What to know about operating a drone in Washington state parks
A trip up to Rattlesnake Ledge recently was pretty generic. The trail was crowded. And at the top, that crowd gathered for the view over Iron Horse State Park with miles of trees off into the horizon.
Then it happened. The drone came out.
If you’ve ever experienced a pesky fly buzzing around your head as you try to watch TV, imagine a much larger, noisier fly zipping around a scenic view … at the top of a ledge with a bit more than an 1,100 foot drop. Sure, drones can capture beautiful, intriguing scenes. But that comes at a cost — your patience, and perhaps safety.
At Rattlesnake Ledge, the drone would dart over the crowd, then out over the ledge, then back. Kids — and adults — were snapping their gaze from side-to-side to locate the flying machine. It was a bit disorienting. And despite the drone being off in the distance it was difficult to tell if it was darting at your head at every turn. Dogs were anxiously freaking out as their hiking companions tried to take photos.
At the very least, many on that ledge were simply annoyed by the disturbance. And most folks — immediately around me, at least — questioned the safety of flying a drone around such a setting.
Park officials have questioned the same thing. Their conclusion: Drones are banned at parks.
Despite being located about 35 miles outside the city of Seattle, the Rattlesnake Lake Recreational area is managed by Seattle Public Utilities. The watershed serves about 65 percent of the region’s water needs.
The Seattle utility has banned drones specifically at Rattlesnake Ledge. A website on the attraction states: “Unmanned Aerial Vehicles (UAV’s), such as Quadcopters, drones, and model airplanes are prohibited.”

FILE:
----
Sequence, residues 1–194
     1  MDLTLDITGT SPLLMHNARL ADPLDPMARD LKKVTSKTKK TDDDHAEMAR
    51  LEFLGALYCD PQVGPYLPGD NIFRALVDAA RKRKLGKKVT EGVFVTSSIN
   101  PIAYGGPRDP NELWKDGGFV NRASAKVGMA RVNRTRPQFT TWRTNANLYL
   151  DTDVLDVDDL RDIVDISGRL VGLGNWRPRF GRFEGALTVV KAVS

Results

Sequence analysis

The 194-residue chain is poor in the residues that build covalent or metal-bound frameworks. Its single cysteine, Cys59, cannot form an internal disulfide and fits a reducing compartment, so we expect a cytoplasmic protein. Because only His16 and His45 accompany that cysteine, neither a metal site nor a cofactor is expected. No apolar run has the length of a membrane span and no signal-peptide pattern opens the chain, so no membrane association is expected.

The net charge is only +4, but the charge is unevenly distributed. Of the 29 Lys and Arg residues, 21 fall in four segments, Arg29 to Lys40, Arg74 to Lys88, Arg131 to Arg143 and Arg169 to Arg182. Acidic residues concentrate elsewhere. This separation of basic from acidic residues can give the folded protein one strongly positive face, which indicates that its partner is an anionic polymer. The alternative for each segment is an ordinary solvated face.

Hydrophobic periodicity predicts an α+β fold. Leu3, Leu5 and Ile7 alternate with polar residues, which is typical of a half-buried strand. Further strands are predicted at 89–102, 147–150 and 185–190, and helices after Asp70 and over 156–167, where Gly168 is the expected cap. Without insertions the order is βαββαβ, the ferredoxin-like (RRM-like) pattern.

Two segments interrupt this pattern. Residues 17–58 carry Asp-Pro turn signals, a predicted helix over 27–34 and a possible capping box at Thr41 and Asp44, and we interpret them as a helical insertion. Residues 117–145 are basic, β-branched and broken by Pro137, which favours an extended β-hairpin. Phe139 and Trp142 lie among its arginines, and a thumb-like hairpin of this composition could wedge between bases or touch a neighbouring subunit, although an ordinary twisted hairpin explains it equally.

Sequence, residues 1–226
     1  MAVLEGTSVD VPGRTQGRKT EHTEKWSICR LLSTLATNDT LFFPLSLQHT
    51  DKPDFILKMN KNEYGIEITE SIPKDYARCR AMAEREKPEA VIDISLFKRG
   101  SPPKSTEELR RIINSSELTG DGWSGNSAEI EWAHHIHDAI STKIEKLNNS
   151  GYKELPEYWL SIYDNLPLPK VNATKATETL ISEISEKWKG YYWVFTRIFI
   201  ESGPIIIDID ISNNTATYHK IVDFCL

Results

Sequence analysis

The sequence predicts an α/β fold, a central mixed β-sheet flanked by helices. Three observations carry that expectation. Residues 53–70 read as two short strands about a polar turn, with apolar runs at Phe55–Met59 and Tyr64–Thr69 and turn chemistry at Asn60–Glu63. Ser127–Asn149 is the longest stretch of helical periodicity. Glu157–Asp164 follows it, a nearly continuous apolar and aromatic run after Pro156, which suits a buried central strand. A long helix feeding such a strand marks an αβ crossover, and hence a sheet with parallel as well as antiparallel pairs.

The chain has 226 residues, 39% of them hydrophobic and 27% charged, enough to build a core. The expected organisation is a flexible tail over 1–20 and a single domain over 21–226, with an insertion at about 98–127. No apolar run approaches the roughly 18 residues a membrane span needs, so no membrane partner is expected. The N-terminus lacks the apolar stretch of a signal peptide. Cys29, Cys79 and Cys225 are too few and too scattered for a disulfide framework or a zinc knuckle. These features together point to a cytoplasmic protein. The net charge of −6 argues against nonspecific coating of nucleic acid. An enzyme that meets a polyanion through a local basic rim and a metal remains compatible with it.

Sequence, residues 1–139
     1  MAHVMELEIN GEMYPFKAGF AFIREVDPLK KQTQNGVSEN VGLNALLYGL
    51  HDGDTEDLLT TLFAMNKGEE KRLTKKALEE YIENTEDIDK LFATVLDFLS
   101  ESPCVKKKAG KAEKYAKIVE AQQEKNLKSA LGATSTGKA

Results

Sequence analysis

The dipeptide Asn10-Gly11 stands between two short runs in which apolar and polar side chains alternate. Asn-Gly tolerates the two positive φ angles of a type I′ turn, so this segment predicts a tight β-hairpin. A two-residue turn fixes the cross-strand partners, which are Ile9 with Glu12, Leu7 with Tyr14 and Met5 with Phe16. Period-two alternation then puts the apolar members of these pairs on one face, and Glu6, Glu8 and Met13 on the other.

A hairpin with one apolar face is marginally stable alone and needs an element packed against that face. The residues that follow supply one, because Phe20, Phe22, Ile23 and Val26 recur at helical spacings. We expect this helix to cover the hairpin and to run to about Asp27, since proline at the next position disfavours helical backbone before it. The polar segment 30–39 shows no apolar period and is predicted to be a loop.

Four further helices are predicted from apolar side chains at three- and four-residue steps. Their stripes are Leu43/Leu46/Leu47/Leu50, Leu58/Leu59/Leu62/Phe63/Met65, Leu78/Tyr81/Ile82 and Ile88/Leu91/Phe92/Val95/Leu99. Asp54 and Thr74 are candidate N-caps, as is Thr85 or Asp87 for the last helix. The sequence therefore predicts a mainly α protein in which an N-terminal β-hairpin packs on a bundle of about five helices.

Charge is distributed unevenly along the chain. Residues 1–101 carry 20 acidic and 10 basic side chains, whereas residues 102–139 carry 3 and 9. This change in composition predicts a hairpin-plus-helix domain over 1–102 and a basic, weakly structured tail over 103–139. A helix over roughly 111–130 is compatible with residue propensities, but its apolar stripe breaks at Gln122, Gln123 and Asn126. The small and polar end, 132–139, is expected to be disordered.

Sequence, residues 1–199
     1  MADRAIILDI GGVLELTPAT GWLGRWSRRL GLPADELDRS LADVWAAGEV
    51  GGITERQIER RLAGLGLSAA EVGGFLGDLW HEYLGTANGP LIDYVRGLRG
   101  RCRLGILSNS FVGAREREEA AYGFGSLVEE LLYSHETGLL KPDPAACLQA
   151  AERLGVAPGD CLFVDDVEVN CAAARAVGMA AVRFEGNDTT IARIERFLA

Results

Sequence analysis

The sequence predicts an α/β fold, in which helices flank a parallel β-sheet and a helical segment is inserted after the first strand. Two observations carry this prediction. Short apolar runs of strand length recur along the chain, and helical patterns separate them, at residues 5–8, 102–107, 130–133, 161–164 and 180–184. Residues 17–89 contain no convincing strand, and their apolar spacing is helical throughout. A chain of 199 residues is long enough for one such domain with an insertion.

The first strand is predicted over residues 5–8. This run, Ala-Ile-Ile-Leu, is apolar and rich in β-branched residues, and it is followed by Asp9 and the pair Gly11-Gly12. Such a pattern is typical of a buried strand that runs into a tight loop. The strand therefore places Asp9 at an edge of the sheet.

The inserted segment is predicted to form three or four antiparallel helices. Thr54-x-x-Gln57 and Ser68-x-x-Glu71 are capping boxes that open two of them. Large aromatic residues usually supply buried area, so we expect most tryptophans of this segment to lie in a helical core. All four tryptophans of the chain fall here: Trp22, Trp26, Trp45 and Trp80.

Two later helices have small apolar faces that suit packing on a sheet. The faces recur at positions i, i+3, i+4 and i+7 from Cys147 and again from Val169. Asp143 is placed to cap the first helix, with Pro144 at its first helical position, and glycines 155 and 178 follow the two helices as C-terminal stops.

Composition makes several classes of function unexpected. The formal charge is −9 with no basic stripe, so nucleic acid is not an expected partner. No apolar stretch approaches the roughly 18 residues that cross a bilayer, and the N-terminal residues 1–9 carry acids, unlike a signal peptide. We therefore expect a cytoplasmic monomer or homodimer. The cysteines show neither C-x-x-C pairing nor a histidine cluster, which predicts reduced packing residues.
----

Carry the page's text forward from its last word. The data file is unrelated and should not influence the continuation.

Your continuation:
City law prohibits drones and other remote-controlled aircraft in parks. Drones have injured people by crashing into them and alarmed people by nearly crashing into them. Drones have annoyed people with their noise, and people have expressed privacy concerns about drone use. Drones have also harmed wildlife, in at least one instance causing an osprey to abandon the eggs in its nest.
Beyond Seattle, Washington State Parks has taken a similar stance. According to Virginia Painter with state parks, you can’t fly a drone unless you obtain a permit beforehand.
“Washington State Parks has a strict requirement that anyone wishing to use drones apply for a permit,” Painter said. “We restrict the use of drones to protect privacy and safety of visitors and also to ensure protection of natural and cultural resources. The issue is not only the drones in flight but the launch point, access, and other potential impacts.”
Drones generally have to follow certain regulations. Drones cannot fly higher than 400 feet above the ground, and their maximum speed is 100 mph. Drone operators breaking the rules could face fines up to hundreds of thousands of dollars.
Beyond that, the devices have caused major disruptions to wildfire operations in Washington. Basically, if a drone is in the airspace around a wildfire, planes and helicopters used to fight that fire are grounded until the drone is gone.
So the next time any hikers run into someone operating a drone at Rattlesnake Ledge, or most any Washington park, they have state code behind them when they politely tell the operator to buzz off.